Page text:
Slab City California Laws

Slab City is home to various common areas. When you enter Slab City, you are greeted by the Heilsberg. After venturing further into town, you can expect a local concert hall called The Range. Further down the gravel roads there is a library where Cornelius Vega lives. During our visit, she explained anarchist culture in Slab City. Another community area that attracts locals is the Internet Café, one of the few places in the area where people can connect online. We met Rob, who runs the internet café. He explained how the café`s solar panels allow for off-grid electricity. You can read more about these areas in the video above.

Imagine a world without government and laws, would we be better off? Or would we face complete chaos? Well, located in the Sonoran Desert of California, the only lawless territory in America; Slab City. There are no laws that are officially enforced in the plates, which means that there is an inherent danger of going here. Sometimes a police car drives by and controls the city, but there are no real municipal services to turn to in times of crisis. Drug-related crime is certainly a problem here. However, the number of violent crimes here is not particularly high, and a large part of the population is very open to visitors. Slab City sits on 640 acres of public land, about 50 miles north of the U.S.-Mexico border in Imperial County, California, on the grounds of Camp Dunlap, a former U.S. Marine Corps base. At its peak in the 1940s, the camp housed a laboratory to test concrete`s ability to survive the harsh climate of the Sonoran Desert, but at the end of World War II, the government ceased operations. The squatters saw an opportunity and quickly claimed the area, building a hodgepodge of dwellings from the concrete slabs, sticking to whatever materials they could find. Nestled in the southeast corner of California`s Sonoran Desert, just four miles east of Niland, California, and 45 miles from the Mexican border. Named after concrete slabs left by a lost World War II military base, it is not technically recognized as a city. The site was once a United States Marine Corps facility called Camp Dunlap.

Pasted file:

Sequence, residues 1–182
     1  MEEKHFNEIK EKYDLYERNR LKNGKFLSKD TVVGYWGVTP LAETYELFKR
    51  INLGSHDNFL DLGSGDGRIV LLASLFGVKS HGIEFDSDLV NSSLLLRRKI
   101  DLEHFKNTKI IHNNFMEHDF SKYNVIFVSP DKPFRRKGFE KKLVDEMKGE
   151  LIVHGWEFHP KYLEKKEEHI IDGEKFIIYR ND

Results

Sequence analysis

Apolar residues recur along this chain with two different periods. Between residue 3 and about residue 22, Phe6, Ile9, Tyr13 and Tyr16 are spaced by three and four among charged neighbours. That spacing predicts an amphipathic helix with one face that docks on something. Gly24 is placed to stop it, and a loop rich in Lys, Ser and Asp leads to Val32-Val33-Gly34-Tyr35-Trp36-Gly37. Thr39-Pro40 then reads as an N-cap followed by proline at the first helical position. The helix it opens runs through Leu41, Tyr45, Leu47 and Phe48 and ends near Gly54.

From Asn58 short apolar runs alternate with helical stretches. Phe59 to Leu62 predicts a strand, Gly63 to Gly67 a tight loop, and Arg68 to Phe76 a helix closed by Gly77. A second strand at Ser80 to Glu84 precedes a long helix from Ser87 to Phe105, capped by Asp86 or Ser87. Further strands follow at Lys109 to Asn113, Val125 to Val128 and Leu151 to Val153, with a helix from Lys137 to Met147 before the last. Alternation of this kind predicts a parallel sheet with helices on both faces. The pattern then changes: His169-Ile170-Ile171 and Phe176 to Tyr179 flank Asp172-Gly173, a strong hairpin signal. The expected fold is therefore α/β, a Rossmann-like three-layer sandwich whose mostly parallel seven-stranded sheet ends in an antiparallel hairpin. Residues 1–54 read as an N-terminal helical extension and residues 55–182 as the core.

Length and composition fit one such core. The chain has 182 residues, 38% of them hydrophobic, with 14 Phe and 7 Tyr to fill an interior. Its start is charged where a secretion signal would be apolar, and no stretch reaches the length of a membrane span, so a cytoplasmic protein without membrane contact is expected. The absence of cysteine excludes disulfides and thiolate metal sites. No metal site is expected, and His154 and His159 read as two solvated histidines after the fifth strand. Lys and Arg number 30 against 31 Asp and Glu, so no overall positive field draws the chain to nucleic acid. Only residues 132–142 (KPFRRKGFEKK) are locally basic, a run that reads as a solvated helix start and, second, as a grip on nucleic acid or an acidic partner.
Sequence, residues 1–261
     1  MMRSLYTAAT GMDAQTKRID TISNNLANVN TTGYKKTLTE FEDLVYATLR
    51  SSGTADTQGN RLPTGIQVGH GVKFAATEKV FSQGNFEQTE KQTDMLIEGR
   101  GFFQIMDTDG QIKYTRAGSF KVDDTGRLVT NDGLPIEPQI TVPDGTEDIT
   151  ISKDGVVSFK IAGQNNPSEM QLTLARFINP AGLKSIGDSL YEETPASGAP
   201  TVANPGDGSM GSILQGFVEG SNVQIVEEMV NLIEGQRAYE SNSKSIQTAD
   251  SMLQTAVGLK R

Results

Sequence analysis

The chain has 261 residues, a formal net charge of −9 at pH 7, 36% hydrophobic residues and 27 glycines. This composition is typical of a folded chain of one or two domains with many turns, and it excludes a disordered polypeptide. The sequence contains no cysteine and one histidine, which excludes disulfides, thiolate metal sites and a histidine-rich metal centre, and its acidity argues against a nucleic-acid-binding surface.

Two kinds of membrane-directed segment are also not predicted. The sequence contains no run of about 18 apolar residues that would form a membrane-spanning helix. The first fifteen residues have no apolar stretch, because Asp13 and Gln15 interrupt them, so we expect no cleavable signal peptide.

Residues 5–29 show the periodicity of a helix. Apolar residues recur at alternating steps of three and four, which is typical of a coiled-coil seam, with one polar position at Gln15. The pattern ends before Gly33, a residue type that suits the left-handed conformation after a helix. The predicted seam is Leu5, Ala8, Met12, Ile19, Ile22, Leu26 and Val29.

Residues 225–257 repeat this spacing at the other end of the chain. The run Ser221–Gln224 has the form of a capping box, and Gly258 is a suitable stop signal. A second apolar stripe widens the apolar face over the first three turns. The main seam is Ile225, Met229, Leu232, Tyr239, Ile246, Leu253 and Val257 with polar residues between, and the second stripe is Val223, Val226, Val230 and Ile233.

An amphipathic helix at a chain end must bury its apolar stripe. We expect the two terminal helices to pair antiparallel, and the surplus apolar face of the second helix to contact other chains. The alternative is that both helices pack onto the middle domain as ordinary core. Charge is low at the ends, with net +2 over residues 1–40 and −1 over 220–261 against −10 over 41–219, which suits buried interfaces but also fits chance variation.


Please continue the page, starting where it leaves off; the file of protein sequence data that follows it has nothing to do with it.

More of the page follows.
In 1961, the army realized it no longer needed the base, and it was largely dismantled into a pile of slabs and other pieces of concrete piled up in the desert. Employees at a nearby chemical plant found the plates and decided they would be an ideal location for temporary housing with small trailers and other facilities. Absolute. In fact, there is no cost to live in Slab City. However, let them know that there is no running water, no plumbing or sewerage, and no electricity. The nearest town with a supermarket is about 30 miles away. Many residents had told us about being “stuck” in Slab City for a variety of reasons. Many residents use generators or solar panels to generate electricity.